Kate Masters/States Newsroom
As the deadline nears for health care workers to become vaccinated against COVID-19, Michigan still has a ways to go before its nursing home workers meet federal requirements.
About 72% of nursing home workers in Michigan are fully vaccinated, according to the newest numbers from the U.S. Centers for Medicare and Medicaid Services (CMS). The state has the country’s sixth-lowest vaccination rate among nursing home staff, CMS reported. Ohio, Missouri, Wyoming, Montana and Oklahoma all have lower vaccination rates. Missouri has the lowest rate in the country, 67.3%, and Rhode Island has the highest at 98.1%.
Health care workers at facilities participating in the Medicaid and Medicare program, including hospitals and long-term care facilities must be fully vaccinated against COVID-19 by March 15 following a Supreme Court decision upholding President Joe Biden’s vaccine mandate for health care workers. CMS issued a Jan. 14 statement announcing unvaccinated health care workers must receive their first shot within a month and must be fully vaccinated by March 15.
Nursing homes that do not comply with the federal mandate would face financial penalties, denial of Medicare and Medicaid payments, and, ultimately, being unable to participate in the Medicare and Medicaid programs.
Currently, five nursing homes in Michigan have met the requirement that 100% of their staff be vaccinated: Majestic Care of Battle Creek, Majestic Care of Flushing, Care and Rehabilitation Center at Glacier Hills in Ann Arbor, the Neighborhoods of White Lake and Bellbrook in Rochester Hills.
The federal government mandate comes after the pandemic wreaked havoc on nursing homes, leaving a trail of deep trauma and death in an industry that became one of the most dangerous workplaces in the country because of COVID-19.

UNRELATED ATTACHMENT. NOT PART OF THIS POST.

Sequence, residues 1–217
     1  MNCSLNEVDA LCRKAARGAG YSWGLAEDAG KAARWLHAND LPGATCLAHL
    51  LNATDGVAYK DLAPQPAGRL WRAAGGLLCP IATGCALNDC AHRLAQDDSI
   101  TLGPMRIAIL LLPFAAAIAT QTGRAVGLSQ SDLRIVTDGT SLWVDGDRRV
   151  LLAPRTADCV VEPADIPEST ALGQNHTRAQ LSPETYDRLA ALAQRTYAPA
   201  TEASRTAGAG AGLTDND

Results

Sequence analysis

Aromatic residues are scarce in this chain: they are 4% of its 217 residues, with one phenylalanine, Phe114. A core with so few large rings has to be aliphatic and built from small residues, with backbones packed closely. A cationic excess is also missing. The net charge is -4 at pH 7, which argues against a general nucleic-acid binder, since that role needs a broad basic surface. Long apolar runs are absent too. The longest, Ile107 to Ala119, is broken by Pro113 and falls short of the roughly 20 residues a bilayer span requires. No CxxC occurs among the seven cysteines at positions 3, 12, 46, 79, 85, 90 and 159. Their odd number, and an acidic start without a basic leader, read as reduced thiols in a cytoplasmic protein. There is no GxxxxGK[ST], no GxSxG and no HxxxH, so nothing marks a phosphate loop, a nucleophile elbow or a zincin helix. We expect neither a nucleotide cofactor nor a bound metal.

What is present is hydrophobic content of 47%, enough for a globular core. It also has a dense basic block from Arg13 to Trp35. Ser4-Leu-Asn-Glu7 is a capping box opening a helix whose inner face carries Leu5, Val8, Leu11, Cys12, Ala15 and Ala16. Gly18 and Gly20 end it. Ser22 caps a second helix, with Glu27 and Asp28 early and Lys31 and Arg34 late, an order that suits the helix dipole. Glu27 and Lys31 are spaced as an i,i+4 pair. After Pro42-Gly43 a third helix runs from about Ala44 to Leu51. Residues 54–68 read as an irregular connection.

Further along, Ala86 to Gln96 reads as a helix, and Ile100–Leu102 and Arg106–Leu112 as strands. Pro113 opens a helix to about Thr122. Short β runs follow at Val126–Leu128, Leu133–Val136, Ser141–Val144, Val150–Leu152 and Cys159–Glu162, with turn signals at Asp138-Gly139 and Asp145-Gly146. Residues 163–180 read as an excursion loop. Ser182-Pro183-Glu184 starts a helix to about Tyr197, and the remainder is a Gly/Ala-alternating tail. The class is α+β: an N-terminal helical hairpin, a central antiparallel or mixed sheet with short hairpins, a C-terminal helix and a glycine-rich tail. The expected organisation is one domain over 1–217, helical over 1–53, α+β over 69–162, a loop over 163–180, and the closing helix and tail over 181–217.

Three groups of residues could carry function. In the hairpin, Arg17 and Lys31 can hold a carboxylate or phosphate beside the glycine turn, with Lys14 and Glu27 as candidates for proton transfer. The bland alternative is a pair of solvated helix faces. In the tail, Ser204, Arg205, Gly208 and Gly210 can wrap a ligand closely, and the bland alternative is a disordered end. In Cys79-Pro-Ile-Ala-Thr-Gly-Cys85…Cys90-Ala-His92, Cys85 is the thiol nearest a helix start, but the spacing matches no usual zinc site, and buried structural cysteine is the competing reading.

Vaccination rates among nursing home residents in Michigan are higher; just under 86% of residents are fully vaccinated, according to CMS. Michigan has the 15th lowest vaccination rate among nursing home residents in the country. On Thursday, the Michigan Department of Health and Human Services (DHHS) issued an epidemic order that nursing homes must offer free COVID-19 vaccines for residents onsite.
While there has been criticism that a vaccine mandate for health care workers could drive employees from already understaffed facilities, like nursing homes and hospitals, some health experts in Michigan have said otherwise.
Sheria Robinson-Lane, an assistant professor at the University of Michigan School of Nursing and an expert in palliative and long-term care and nursing administration, said the vaccine mandate for health care workers would not necessarily translate to an exodus of staff.
“Vaccine mandates have been in place within both hospitals and nursing homes for some time now with exemptions available,” Robinson-Lane said in a Jan. 12 press release. “I don’t think that a large change in staffing is inevitable.”
The pandemic has exacerbated an already existing staffing shortage at health care institutions, Robinson-Lane said, but staffing challenges over the past two years have been “mostly due to managing infections amongst staff and also individuals leaving for perhaps better opportunities.”
Our stories may be republished online or in print under Creative Commons license CC BY-NC-ND 4.0. We ask that you edit only for style or to shorten, provide proper attribution and link to our web site. Please see our republishing guidelines for use of photos and graphics.